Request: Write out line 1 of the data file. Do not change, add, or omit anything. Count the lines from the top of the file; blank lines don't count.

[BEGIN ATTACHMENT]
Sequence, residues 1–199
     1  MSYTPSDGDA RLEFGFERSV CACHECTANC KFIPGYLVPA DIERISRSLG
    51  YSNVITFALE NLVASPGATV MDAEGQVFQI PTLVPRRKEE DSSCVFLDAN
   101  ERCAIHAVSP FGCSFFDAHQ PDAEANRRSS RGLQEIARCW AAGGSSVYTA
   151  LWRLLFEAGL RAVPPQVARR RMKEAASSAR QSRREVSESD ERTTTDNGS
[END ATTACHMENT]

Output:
Sequence, residues 1–199